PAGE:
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Text Sermons : ~Other Speakers A-F : Eli Brayley : The Making of a Minister

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"As we said before, so say I now again, if any man preach any other gospel unto you than that ye have received, let him be accursed. For do I now persuade men, or God? or do I seek to please men? for if I yet pleased men, I should not be the servant of Christ. But I certify you, brethren, that the gospel which was preached of me is not after man. For I neither received it of man, neither was I taught it, but by the revelation of Jesus Christ." - Galatians 1:9-12

The Pharisee, Saul, was an amazing man. I speak from a human perspective: "Circumcised the eighth day, of the stock of Israel, of the tribe of Benjamin, a Hebrew of the Hebrews; as touching the law, a Pharisee; Concerning zeal, persecuting the church; touching the righteousness which is in the law, blameless." (Philippians 3:5-6) If any man would be deemed qualified for the work of the ministry, our church boards today would vote unaminously. A brilliant scholar of the Scriptures, zealous, ostensibly spotless in godly piety... in modern Christian credentials the parallel might have appeared as such:

-born into a goodly Christian home
-son of a long line of pastors
-a "Christian" of "Christians"
-as touching the Scriptures, fundamental
-concerning zeal, active in numerous church programs
-touching Christian behaviour, puritan

Wouldn't such a man certainly be qualified for the ministry of the gospel? He would indeed in man's sight! When Samuel visited the home of Jesse searching for a king who would lead God's people, he took one look at handsome and tall Reuben and said in his heart, "Surely this is the one!" But God saw otherwise. We learned from this story that God sees what man does not see, and that God will choose whom He will: "But the LORD said unto Samuel, Look not on his countenance, or on the height of his stature; because I have refused him: for the LORD seeth not as man seeth; for man looketh on the outward appearance, but the LORD looketh on the heart." (1 Samuel 16:7) It is not brilliance, talent or outward excellence that God is looking for in a man.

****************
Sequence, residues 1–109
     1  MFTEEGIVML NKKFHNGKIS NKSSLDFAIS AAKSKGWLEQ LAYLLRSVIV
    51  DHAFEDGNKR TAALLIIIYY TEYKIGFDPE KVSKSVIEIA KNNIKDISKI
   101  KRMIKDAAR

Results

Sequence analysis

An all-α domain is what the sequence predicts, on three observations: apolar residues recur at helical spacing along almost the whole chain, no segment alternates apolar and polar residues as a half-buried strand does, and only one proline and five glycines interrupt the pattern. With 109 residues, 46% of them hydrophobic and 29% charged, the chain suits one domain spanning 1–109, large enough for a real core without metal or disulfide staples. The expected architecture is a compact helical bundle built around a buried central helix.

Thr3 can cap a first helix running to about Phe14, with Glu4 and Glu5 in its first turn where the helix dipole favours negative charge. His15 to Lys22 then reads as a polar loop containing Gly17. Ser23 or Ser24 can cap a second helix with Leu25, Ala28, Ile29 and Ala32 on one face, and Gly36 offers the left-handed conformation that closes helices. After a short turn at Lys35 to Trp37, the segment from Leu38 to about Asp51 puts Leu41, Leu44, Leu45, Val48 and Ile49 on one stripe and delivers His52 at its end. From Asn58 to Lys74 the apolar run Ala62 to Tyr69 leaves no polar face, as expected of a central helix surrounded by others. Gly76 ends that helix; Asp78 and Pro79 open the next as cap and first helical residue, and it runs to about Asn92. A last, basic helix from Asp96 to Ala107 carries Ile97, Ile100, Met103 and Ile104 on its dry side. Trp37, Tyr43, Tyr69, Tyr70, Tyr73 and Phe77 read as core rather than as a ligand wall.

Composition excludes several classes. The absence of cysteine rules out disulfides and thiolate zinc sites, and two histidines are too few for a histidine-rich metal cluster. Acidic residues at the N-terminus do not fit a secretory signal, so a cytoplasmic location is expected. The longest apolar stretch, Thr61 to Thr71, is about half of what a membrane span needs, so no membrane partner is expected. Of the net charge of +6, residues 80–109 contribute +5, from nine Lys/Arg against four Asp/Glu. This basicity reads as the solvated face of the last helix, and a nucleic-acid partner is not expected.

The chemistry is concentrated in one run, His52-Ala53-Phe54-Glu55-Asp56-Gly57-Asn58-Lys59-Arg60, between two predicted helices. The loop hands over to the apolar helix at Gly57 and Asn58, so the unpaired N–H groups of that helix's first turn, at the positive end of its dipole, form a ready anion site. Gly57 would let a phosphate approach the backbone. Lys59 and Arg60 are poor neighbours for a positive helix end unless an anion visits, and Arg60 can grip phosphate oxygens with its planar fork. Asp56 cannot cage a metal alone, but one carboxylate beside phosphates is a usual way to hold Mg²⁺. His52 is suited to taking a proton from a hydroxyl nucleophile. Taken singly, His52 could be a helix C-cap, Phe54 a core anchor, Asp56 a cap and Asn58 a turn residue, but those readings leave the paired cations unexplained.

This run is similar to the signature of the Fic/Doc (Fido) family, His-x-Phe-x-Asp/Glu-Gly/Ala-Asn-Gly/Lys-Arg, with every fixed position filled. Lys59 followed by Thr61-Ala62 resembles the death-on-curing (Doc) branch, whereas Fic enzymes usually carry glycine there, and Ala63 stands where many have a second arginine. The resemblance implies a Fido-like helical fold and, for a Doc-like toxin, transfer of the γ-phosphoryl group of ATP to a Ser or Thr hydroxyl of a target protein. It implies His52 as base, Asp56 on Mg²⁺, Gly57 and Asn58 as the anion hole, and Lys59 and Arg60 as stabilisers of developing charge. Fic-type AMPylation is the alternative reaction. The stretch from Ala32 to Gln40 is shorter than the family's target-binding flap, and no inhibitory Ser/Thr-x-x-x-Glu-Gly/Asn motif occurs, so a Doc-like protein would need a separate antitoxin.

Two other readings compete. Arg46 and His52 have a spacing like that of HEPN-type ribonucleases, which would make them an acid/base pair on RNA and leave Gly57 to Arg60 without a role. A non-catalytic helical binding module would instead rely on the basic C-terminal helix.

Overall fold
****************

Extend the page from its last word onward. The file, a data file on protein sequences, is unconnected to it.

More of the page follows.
But wasn't Saul chosen by the Lord? Yes indeed, but hear the words of the new creature, Paul: "But what things were gain to me, those I counted loss for Christ. Yea doubtless, and I count all things but loss for the excellency of the knowledge of Christ Jesus my Lord: for whom I have suffered the loss of all things, and do count them but dung..." (Philippians 3:7-8) He can rightly speak from experience when he says to the brethren at Ephesus: "That ye put off concerning the former conversation the old man, which is corrupt according to the deceitful lusts; And be renewed in the spirit of your mind; And that ye put on the new man, which after God is created in righteousness and true holiness." (Ephesians 4:22-24) Paul was a new man in Christ Jesus, having been given a new mind to see spiritual things; a man chosen to be a minister before the Lord.

What then makes a minister, and what then should we think towards men filling this office? Do we look for university degrees, or even fiery Christian zeal? These things are commendable and beneficial, but they in themselves do not make a minister. They certainly didn't for Paul. So what then is the qualification? Our Lord Jesus is the dictation:

"At midday, O king, I saw in the way a light from heaven, above the brightness of the sun, shining round about me and them which journeyed with me. And when we were all fallen to the earth, I heard a voice speaking unto me, and saying in the Hebrew tongue, Saul, Saul, why persecutest thou me? it is hard for thee to kick against the pricks. And I said, Who art thou, Lord? And he said, I am Jesus whom thou persecutest. But rise, and stand upon thy feet: for I have appeared unto thee for this purpose, to make thee a minister..." (Acts 26:13-16)

"I have appeared unto thee for this purpose: to make thee a minister!" This is what distinguishes the seminarian from the summoned, the career from the calling. It is the the Lord Jesus Christ who decides, chooses and who sets apart men for His purpose. "Paul, an apostle, not of men, neither by man, but by Jesus Christ." (Galatians 1:1) It is not men that make ministers. Not of men or by men; only Jesus can do this.

It takes the Lord Almighty to make a Paul out of a Saul, a fearless pastor out of a fearful Peter, a courageous general out of a cowardly Gideon, a stalwart king out of a shepherd kid...

Did the Lord use Paul's abilities? Yes. His keen intellect? Absolutely! But we have now a new man: broken, humbled; and called not because of his great skills, not because of his great zeal, but because of the mercy and grace and sovereignty of the Lord Jesus Christ given towards this once ignorant man (1 Timothy 1:13). Paul was made a minister, and received the heart of a minister. Only then could he say: "Be ye followers of me, even as I also am of Christ." (1 Corinthians 11:1)

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